I’ve been saying it for a while; the cabinet doesn’t like Mrs. May’s Brexit plans, the EU doesn’t like them, Labour doesn’t like them, and the voters don’t like them.
Now, it’s finally catching up with the Prime Minister, and she’s just been given the weekend to change her Brexit plans to avoid a Cabinet walkout. Of course, she may choose not to make any changes – she is a “bloody difficult woman” after all – but who knows what new hell that would bring to her doorstep?
A senior Cabinet source has told Business Insider that the Prime Minister is now facing a “killer moment” in the Brexit talks, and that Brexiteers within the Cabinet are not happy with her refusal to put a definite end-point on her plans for the backstop.
The fear being, of course, that Britain might be stuck in the Customs Union for the foreseeable future while the UK and the EU battle it out over trade deals for goodness knows how long.
But, Downing Street has insisted already that the government is not going to sign any deal with the EU that would keep the UK in its Customs Union indefinitely – a start for Mrs. May in her attempt at keeping her Cabinet together.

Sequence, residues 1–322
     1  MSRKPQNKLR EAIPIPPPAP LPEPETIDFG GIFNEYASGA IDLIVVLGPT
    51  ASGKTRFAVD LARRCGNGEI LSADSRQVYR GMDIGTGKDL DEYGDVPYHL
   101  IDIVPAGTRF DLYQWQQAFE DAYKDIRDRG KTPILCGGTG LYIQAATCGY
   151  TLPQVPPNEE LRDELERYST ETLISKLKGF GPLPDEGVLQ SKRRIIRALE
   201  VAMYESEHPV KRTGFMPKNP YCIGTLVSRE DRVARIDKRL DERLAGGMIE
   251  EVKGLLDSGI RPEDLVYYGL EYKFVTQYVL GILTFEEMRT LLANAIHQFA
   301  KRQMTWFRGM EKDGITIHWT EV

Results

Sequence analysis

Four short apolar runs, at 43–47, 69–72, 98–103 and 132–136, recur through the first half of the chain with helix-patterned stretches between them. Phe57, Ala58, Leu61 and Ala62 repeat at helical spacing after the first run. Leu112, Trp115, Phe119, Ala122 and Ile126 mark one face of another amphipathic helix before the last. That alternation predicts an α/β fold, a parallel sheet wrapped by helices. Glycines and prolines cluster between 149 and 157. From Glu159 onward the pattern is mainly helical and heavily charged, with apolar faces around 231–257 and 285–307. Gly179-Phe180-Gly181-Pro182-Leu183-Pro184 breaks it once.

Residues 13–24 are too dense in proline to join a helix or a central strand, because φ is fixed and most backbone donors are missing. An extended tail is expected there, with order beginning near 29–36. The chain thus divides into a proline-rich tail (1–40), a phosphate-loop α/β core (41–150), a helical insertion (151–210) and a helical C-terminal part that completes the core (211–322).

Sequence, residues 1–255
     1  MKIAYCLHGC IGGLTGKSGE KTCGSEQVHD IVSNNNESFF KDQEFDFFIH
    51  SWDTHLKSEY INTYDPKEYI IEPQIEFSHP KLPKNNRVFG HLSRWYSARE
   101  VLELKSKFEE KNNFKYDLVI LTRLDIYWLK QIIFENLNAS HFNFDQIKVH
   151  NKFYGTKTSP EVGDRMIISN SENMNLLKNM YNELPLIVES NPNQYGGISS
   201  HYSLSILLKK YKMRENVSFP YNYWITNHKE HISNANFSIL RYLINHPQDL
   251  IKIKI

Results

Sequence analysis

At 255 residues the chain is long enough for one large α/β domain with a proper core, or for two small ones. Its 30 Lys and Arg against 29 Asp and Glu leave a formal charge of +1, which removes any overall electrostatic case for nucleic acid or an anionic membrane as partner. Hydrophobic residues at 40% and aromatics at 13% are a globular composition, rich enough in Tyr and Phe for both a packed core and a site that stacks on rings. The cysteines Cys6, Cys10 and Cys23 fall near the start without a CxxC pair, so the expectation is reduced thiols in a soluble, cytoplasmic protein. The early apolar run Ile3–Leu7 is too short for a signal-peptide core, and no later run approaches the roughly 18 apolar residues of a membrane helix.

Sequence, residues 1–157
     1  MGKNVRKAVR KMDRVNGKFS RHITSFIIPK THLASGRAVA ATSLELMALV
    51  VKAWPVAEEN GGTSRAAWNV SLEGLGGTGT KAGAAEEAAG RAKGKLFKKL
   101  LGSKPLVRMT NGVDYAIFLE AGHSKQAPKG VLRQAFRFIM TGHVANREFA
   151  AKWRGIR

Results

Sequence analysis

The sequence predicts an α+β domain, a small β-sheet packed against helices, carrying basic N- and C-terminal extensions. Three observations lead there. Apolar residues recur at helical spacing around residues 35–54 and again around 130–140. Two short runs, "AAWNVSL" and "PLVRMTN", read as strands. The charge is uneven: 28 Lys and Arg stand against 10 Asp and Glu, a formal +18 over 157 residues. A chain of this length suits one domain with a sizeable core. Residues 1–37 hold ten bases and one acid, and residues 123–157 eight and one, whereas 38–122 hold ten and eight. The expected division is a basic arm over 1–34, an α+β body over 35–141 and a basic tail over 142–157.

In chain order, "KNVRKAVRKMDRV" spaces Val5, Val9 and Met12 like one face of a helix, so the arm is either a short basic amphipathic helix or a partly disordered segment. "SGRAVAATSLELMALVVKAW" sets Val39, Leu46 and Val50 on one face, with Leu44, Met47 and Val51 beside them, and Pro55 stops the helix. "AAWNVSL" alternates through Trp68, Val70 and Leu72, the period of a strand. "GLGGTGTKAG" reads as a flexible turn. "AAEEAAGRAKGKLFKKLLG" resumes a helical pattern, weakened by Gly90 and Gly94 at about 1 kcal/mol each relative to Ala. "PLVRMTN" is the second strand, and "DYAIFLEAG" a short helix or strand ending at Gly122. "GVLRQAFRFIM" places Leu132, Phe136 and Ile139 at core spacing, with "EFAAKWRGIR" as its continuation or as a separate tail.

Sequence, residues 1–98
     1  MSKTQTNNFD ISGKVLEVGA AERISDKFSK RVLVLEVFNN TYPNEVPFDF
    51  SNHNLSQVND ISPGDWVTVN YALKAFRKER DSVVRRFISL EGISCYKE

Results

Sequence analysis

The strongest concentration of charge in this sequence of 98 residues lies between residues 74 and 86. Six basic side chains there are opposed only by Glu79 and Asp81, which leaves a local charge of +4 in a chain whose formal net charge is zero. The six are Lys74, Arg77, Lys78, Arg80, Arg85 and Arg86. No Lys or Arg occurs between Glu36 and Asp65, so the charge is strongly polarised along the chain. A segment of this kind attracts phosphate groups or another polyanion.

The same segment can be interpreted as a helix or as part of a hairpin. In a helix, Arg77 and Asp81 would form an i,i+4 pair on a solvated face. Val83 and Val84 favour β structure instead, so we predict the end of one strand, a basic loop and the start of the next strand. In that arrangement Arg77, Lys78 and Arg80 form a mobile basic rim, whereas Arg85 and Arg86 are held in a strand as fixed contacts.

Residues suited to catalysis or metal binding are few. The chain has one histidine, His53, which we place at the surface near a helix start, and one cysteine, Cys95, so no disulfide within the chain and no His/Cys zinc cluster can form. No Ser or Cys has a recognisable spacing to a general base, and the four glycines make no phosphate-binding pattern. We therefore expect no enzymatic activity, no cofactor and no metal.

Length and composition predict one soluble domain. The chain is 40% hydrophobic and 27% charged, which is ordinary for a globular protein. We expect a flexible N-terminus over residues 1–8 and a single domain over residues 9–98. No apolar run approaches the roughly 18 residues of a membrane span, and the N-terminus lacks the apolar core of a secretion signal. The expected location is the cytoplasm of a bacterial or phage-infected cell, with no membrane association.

The national press is reporting that British negotiators over in Brussels have been planning to sign up to a new backstop option that would keep the whole of the UK in the Customs Union to stop Britain being divided from Northern Ireland.
So it’s not clear who to believe right now – all we know is that the Prime Minister has two days to sort out this mess that could have been solved a long time ago.
Jacob Rees-Mogg and the European Research Group have already put forward plans for a Canada-plus deal that could solve the issues, but it remains unclear whether May will eventually concede it’s the best option we have.
The Canada-plus deal is an expansion of the current Comprehensive Economic and Trade Agreement (CETA) that integrates EU and Canadian markets.
The “+” element refers to the greater liberalization of the trade in services, and the inclusion of financial services within the agreement. This boosts the British economy, puts us on a good footing on the world economic stage, and could even solve the NI/GB issue.
Mogg and his colleagues at the ERG propose a technological solution at the NI/Republic border that could make the CETA+ option extremely desirable for Britain.
It all depends on how stubborn Mrs. May is feeling. It seems like she saves her stubbornness for the British people, rather than the Eurocrats who are knocking back every proposal that she offers. That surely won’t go down well with her Cabinet, and if she makes the wrong decision, they could be gone by Monday.
Meanwhile, the October UK/EU summit is round the corner – and it’s looking increasingly likely there’ll be an emergency summit in November to finalize whatever deal the government manages to scrape together.